This chapter contains the following topics:
A business function is an encapsulated set of business rules and logic that can be reused by multiple applications. Business functions provide a common way to access the JD Edwards EnterpriseOne database. A business function accomplishes a specific task. Master business functions provide the logic and database calls necessary to extend, edit, and commit the full transaction to the database. Third-party applications can use master business functions for full JD Edwards EnterpriseOne functionality, data validation, security, and data integrity.
You can use master business functions to update master files (such as Address Book Master and Item Master) or to update transaction files (such as sales orders and purchase orders). Generally, master file master business functions, which access tables, are simpler than transaction file master business functions, which are specific to a program. Transaction master business functions provide a common set of functions that contain all of the necessary default values and editing for a transaction file. Transaction master business functions contain logic that ensures the integrity of the transaction being inserted, updated, or deleted from the database.
For interoperability, you can use master file master business functions instead of table input and output. Using master business functions enables you to perform updates to related tables using the master business function instead of table event rules. In this case, the system does not use multiple records; instead, all edits and actions are performed with one call.
Business functions are core for interoperability with JD Edwards EnterpriseOne. If you build custom integrations to interoperate with JD Edwards EnterpriseOne, you must know which business functions to call and how to call those business functions. You can use existing business functions, modify existing business functions, or create custom business functions. If you are creating a custom business function, JD Edwards suggests that you find an existing business function that is similar to what you want to accomplish and use the existing business function as a model.
Note:When an update or an Electronic Software Update (ESU) affects business functions, you might be required to modify the custom integration.
Master Business Functions
A collection of business functions that provide the logic and database calls that are necessary to extend, edit, and commit the full transaction to the database. The design of master business functions enables them to be called asynchronously and to send coded error messages back to calling applications.
Major Business Functions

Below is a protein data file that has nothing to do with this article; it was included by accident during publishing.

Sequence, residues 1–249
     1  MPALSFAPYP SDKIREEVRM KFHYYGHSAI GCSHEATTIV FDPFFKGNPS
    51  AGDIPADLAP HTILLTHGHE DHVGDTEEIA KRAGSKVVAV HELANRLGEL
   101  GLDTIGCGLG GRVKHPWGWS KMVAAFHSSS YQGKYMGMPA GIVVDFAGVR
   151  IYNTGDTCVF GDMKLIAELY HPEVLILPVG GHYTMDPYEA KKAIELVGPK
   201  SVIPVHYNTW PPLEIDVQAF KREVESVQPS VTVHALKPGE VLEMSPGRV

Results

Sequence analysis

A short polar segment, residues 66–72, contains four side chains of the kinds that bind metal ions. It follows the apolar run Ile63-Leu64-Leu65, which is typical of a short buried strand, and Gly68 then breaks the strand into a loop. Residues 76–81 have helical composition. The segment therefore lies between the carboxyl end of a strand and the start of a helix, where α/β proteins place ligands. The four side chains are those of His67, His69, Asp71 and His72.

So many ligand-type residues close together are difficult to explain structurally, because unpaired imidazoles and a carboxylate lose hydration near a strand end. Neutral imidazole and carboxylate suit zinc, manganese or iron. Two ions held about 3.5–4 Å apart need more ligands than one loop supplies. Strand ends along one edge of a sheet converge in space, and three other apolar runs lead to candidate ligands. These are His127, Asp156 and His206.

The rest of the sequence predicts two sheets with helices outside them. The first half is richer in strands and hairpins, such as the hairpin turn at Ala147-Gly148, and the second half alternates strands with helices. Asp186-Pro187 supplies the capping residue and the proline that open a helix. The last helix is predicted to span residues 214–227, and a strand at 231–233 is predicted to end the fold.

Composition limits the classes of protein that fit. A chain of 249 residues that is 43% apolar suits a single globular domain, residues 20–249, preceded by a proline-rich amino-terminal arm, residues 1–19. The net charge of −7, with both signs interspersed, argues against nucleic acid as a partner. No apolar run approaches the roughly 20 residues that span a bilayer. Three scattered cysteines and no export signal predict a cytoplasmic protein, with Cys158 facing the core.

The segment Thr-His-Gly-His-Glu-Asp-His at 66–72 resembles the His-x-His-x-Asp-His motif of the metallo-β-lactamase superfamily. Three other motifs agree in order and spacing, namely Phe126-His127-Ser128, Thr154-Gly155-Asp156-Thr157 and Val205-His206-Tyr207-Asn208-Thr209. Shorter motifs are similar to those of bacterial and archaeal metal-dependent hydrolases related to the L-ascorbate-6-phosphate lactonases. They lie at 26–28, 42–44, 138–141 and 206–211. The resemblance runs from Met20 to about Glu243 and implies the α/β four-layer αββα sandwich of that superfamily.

Components that encapsulate reusable logic common to many applications, such as date editing routines and common multicurrency functions.
Minor Business Functions
Components that perform complex logic for a specific instance or single application. Minor business functions are used in JD Edwards EnterpriseOne for processing that cannot be accomplished efficiently in event rules or for logic that might be required in multiple places within a single application.
Business function documentation explains what individual business functions do and how to use each business function. You can generate information for all business functions, groups of business functions, or individual business functions. The documentation for a business function includes information such as:
Parameters (the data structure).
Explanation of individual parameter that indicate the input/output required and an explanation of return values.
Related tables (which tables are accessed).
Related business functions (business functions that are called from within the functions itself).
Special handling instructions.
If you can find a JD Edwards EnterpriseOne application that is similar to what you need to do, you can use that application as a model. The JD Edwards EnterpriseOne Cross Application Development Tools menu (GH902) provides several tools that you can use to determine what business functions a JD Edwards EnterpriseOne application uses and how the business function is used in the application. From the Cross Application Development Tools menu, you can access:
Object Management Workbench
Cross Reference Facility
You can use the Cross Reference Facility to identify each instance for which a business function is used. The Cross Reference program (P980011) is on the Cross Application Development Tools menu (GH902).
Another option that you might consider for understanding a JD Edwards EnterpriseOne application is to run a JD Edwards EnterpriseOne debugger. You can run the Event Rules Debugger to obtain named event rule and table event rule information for a JD Edwards EnterpriseOne application. You can use Microsoft Visual C++ to debug business functions that are written in C. You can use these two tools together.